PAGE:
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August 26, 2020 neuro-covid-(1).jpgAs healthcare professionals discover more about how COVID-19 affects the respiratory system, scientists suggest the virus could have potential neurological consequences in some patients.

Baycrest and Sunnybrook researchers have partnered to develop NEUROCOVID19, a national study to investigate how COVID-19 impacts the brain.

“It is critical that we understand the possible effects of COVID-19 on brain health, both to address immediate needs and to prepare for longer term impacts,” says Dr. Sekuler, Vice President of Research at Baycrest and Sandra Rotman Chair at Baycrest’s Rotman Research Institute (RRI).

“We know from early case reports in China that about 30 to 40 percent of hospitalized patients had neurological symptoms,” says Dr. Graham, Interim Director of Physical Sciences at Sunnybrook Research Institute. “Symptoms included headaches, confusion, and stroke. Most common was a loss of smell, which in the absence of any nasal congestion suggests that the virus may affect brain regions that control our sense of smell. Chronic neurological problems have also been associated with other types of coronaviruses, such as SARS and MERS (Middle East Respiratory Syndrome). Given the numbers of people infected by COVID-19, more detailed brain research is definitely needed.”

“COVID-19 can have a big impact on the lungs, but at what point are symptoms a reflection of bottom up versus top down processes in the body? Breathing occurs when signals are sent from the brain down to the body. If some of the COVID symptoms are due to disrupted brain-to-lung signals, then this could be a blind spot in understanding the virus. This needs to be explored,” says Dr. Brad MacIntosh, study co-investigator and senior scientist at Sunnybrook Research Institute. “Our goal is to investigate this further to assess to what extent COVID-19 may impact the brain.”

In this study, the researchers will investigate the neurological impact of COVID-19 through the use of clinical assessments and magnetic resonance imaging (MRI) of the brain in recovered COVID-19 patients. Patients who have tested negative are also invited to participate in the study, acting as a control group. Study participants will be assessed at baseline and several months after their initial visit, to detect whether brain symptoms are present, and whether the symptoms resolve or linger. The research team aims to enlist several more imaging sites across the country to increase the number and diversity of the participants who are studied.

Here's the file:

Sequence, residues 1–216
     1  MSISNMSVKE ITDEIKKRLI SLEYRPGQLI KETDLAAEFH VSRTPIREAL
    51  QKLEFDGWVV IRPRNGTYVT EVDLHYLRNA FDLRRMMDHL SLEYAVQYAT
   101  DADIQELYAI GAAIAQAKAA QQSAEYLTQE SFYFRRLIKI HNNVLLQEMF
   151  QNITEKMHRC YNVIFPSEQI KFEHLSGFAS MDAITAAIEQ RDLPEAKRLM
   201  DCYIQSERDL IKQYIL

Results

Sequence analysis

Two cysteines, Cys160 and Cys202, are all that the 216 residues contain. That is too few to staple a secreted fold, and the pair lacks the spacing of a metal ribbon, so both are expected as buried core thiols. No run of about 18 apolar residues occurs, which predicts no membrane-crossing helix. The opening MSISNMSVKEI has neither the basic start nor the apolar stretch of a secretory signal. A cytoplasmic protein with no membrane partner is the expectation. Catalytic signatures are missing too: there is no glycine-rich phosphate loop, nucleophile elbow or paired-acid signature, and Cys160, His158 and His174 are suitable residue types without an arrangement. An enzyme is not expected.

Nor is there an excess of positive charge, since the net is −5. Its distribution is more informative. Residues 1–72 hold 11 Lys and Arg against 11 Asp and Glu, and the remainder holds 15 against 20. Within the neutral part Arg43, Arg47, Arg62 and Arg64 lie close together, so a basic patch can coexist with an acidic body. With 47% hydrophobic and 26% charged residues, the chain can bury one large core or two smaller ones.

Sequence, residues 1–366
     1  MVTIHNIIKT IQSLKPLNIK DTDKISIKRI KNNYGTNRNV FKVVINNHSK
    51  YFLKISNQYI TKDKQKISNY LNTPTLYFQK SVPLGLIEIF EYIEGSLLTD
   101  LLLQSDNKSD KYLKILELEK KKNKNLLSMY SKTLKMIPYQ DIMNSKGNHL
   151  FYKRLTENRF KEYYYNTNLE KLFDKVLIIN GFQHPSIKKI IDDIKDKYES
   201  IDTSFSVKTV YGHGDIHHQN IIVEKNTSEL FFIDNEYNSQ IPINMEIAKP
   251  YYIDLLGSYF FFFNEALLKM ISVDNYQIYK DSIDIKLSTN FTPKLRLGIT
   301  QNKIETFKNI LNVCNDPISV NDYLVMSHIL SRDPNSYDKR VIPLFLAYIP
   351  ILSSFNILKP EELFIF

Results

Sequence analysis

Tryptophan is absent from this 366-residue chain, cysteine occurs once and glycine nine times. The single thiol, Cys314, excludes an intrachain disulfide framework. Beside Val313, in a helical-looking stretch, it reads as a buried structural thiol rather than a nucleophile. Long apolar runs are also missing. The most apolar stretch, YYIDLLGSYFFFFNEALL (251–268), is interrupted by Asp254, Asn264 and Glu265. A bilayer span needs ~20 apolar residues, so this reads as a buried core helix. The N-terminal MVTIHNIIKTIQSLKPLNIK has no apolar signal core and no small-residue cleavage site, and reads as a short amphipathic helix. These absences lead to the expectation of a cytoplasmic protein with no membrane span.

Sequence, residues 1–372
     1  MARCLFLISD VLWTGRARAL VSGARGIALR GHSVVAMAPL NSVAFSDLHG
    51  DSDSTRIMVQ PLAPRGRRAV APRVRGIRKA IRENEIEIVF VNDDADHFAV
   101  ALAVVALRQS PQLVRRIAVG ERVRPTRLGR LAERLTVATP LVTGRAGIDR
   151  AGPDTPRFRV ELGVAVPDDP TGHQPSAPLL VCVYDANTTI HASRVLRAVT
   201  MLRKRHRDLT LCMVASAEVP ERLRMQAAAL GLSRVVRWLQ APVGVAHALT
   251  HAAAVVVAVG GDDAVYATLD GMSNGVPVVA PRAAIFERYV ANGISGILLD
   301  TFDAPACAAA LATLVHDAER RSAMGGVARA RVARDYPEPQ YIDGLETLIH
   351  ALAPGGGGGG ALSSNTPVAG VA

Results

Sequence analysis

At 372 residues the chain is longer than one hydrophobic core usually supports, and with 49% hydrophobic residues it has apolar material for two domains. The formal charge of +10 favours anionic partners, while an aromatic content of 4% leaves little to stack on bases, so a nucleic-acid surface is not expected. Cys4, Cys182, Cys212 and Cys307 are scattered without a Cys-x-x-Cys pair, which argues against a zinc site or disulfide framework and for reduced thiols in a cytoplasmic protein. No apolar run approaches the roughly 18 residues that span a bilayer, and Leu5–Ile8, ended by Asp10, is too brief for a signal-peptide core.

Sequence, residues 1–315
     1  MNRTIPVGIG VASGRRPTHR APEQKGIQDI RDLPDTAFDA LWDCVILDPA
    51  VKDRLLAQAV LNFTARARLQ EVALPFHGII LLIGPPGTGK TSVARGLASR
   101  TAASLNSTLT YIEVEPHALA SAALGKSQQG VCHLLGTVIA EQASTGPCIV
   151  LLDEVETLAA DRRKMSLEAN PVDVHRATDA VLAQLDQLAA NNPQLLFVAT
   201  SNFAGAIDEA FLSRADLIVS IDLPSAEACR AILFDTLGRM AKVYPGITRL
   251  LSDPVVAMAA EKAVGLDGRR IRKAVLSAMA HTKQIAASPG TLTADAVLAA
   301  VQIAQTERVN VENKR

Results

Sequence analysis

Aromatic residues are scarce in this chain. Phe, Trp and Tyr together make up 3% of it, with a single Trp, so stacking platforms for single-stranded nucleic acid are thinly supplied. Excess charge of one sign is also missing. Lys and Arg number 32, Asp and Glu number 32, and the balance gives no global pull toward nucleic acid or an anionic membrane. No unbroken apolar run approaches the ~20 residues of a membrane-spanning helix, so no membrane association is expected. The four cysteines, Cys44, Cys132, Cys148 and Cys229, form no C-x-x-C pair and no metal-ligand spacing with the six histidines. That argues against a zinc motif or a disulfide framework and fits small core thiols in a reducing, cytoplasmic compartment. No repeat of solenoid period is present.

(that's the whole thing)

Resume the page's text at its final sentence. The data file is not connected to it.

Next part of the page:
“This collaborative effort is paramount in the discovery of how COVID-19 could potentially impact different regions of the brain and what effect the virus may have on thinking, learning and memory,” says Dr. Jean Chen, senior scientist at Baycrest’s Rotman Research Institute and co-principal investigator. Other Baycrest co-PIs include Dr. Asaf Gilboa and Dr. Allison Sekuler.

 Adds Dr. Sekuler, “We are thrilled to be co-leading this study, and to be working with scientists from across the country to get answers as quickly as possible.”

“In addition to raising awareness of this issue among doctors and in the public,” says Dr. Graham, “the study will also allow us to direct patients in need towards neurointerventions and treatments as early as possible.”

About Baycrest
Baycrest is a global leader in geriatric residential living, healthcare, research, innovation and education, with a special focus on brain health and aging. Baycrest is home to a robust research and innovation network, including one of the world’s top research institutes in cognitive neuroscience, the Rotman Research Institute; the scientific headquarters of the Canadian Consortium on Neurodegeneration in Aging, Canada’s largest national dementia research initiative; and the Baycrest-powered Centre for Aging + Brain Health Innovation, a solution accelerator focused on driving innovation in the aging and brain health sector. Fully affiliated with the University of Toronto, Baycrest provides excellent care for older adults combined with an extensive clinical training program for the next generation of healthcare professionals. Through these initiatives, Baycrest has remained at the forefront of the fight to defeat dementia as our organization works to create a world where every older adult enjoys a life of purpose, inspiration and fulfilment. Founded in 1918 as the Toronto Jewish Old Folks Home, Baycrest continues to embrace the long-standing tradition of all great Jewish healthcare institutions to improve the well-being of people in their local communities and around the globe. For more information please visit:   

About Baycrest’s Rotman Research Institute
The Rotman Research Institute at Baycrest is a premier international centre for the study of human brain function. Through generous support from private donors and funding agencies, the institute is helping to illuminate the causes of cognitive decline in seniors, identify promising approaches to treatment and lifestyle practices that will protect brain health longer in the lifespan.
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